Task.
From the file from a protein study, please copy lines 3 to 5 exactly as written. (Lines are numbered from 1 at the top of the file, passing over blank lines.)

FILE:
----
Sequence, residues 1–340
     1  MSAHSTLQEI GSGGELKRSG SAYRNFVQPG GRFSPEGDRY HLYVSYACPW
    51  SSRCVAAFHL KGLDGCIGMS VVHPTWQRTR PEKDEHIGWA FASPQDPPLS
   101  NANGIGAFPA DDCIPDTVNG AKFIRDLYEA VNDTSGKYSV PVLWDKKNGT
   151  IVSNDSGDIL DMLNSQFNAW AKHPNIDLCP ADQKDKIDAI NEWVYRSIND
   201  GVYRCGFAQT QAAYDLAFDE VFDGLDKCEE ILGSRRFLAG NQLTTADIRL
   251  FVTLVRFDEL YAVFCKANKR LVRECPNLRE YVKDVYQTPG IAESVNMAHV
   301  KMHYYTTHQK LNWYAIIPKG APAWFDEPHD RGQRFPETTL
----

    51  SSRCVAAFHL KGLDGCIGMS VVHPTWQRTR PEKDEHIGWA FASPQDPPLS
   101  NANGIGAFPA DDCIPDTVNG AKFIRDLYEA VNDTSGKYSV PVLWDKKNGT
   151  IVSNDSGDIL DMLNSQFNAW AKHPNIDLCP ADQKDKIDAI NEWVYRSIND